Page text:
Pressing (O) will show an overlay as to where you have been painting, so that helps as a good guide. Make sure to leave areas that you want to remain sharp such as the Eyes and Mouth etc.



At any stage while painting, you can press Alt and it will open your brushes minus options, then you can paint back and erase any mistakes or overlaps.

Clicking this little icon shown below will change back and forth from your original to what you have been working on, make sure you disable the overlay by pressing (O) for a best view.

retouch 12

If it’s a little strong, you can work with your clarity slider to bring it back a little.


When you’re happy with your results press Done.

Now we will repeat the steps above, but this time instead of clicking on Smooth Skin, we’re going to be Enhancing her eyes.

So make sure you reset your brush (double clicking on effect)

Zoom in on her eyes and paint over her Iris.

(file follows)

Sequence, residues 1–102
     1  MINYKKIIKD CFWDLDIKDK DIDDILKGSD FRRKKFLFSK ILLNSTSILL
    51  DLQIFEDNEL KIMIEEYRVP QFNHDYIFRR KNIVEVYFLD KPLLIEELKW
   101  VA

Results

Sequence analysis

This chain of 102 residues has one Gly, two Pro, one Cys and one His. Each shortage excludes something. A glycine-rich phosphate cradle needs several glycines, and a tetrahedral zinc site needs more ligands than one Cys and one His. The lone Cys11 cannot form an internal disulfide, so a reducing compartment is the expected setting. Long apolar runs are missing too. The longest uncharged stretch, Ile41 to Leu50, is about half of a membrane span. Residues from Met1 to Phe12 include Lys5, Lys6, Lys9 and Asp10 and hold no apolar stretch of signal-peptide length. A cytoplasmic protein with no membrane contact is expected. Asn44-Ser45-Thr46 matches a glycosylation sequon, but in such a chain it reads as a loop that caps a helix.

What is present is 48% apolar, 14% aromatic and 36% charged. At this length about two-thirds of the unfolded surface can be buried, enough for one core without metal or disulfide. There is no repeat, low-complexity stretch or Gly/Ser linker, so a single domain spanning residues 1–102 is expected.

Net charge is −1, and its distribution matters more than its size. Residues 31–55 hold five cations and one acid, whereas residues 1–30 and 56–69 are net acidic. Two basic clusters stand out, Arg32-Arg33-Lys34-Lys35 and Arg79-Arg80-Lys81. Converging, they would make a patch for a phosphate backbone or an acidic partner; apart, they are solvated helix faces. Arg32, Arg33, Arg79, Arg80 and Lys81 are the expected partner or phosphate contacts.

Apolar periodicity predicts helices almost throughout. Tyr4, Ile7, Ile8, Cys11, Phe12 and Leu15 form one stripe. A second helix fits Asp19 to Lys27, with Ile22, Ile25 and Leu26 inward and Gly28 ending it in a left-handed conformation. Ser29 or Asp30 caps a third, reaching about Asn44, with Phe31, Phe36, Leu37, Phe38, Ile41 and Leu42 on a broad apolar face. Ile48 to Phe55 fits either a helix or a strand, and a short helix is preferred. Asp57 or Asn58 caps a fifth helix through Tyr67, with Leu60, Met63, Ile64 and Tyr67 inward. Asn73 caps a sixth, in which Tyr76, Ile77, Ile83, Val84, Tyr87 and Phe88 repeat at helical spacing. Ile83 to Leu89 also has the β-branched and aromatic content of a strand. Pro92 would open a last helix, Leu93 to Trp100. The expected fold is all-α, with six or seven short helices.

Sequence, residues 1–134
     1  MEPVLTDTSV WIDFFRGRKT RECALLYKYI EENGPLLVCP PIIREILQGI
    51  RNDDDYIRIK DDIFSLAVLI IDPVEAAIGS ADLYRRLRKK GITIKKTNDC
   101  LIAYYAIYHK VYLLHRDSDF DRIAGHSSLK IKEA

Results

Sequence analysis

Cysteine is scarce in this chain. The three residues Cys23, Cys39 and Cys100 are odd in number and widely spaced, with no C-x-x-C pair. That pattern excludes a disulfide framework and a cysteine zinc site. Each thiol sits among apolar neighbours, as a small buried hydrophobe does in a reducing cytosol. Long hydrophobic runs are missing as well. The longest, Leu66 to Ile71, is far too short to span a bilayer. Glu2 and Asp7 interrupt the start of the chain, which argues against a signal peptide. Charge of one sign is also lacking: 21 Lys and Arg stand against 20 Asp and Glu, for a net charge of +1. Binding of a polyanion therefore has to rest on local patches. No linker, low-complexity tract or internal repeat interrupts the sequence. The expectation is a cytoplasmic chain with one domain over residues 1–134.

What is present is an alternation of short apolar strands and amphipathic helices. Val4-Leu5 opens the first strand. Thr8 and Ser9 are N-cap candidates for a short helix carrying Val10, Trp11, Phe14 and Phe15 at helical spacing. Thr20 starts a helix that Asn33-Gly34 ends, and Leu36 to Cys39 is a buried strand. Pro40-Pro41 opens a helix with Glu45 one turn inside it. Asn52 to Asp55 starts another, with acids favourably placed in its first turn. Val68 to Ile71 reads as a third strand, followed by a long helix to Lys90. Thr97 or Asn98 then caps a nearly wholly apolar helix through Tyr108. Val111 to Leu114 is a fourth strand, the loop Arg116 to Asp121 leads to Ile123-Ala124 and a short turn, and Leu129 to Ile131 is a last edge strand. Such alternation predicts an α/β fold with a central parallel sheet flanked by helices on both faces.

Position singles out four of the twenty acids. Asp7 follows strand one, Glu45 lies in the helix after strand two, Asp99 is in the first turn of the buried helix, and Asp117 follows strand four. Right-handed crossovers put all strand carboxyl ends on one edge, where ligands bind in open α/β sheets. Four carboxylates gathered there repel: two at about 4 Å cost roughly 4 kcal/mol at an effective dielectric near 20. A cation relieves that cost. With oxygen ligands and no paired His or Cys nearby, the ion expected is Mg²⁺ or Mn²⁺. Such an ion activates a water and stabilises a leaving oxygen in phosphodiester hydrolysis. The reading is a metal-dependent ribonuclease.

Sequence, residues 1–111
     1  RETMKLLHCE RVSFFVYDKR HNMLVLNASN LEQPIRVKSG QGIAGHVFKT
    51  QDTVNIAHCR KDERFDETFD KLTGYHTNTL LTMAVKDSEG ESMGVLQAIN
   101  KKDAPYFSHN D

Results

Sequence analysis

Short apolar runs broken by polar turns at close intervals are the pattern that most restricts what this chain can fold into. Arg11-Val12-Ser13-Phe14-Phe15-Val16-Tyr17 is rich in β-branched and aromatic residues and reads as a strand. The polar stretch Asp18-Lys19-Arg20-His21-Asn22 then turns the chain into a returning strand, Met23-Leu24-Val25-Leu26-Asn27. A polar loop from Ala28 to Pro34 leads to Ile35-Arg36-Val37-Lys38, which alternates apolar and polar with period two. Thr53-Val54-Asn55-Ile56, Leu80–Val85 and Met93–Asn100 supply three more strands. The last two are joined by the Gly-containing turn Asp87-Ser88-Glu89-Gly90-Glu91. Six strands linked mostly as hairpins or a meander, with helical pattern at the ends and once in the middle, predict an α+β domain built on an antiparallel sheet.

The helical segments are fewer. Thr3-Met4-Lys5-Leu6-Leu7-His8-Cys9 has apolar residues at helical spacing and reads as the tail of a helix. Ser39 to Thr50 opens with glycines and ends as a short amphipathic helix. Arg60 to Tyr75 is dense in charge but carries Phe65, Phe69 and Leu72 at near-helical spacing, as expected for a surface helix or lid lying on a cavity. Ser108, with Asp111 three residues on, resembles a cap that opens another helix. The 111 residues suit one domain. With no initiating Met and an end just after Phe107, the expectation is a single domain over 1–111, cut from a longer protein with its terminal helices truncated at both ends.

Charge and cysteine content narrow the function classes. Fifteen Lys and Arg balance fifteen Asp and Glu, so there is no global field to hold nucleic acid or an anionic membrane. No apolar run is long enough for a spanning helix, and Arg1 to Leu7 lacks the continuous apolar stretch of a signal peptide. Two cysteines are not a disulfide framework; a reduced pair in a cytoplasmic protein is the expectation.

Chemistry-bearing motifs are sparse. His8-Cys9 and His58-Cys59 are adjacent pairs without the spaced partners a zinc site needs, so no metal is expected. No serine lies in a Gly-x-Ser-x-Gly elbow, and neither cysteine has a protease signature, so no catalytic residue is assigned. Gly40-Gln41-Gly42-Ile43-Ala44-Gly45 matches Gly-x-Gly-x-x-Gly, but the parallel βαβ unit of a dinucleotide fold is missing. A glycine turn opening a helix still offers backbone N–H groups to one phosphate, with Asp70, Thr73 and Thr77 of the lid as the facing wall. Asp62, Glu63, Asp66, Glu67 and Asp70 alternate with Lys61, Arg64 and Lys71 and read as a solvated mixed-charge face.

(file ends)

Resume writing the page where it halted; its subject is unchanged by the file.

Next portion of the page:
Pressing (Y) will take you to a split view mode where you can look at the differences from the before and after, then you can zoom in and out as normal.


Other retouches that you may want to do is to sharpen up her eyes a little, for example. So for that, reset your brush, increase you Clarity and Sharpness and paint on to the areas you want, changing the size of your brush and pressing Ctrl Z to erase as you go along. If your settings are too strong, then decrease Clarity and Sharpness and try again until you reach the result you are most happy with.


And we’re done 🙂

This is a very basic introduction into retouching, my retouches are very subtle and my picture was pretty good to start with so I didn’t have to do a lot. Sometimes you may get pictures that need a lot of work to go into them, but this will give you a great start.


Some Presets that will really enhance and help your portraits are:

Chasing Light Workflow Presets

Strike a Pose Portrait Workflow

Newborn Delights

These are all excellent additions to any Portraits.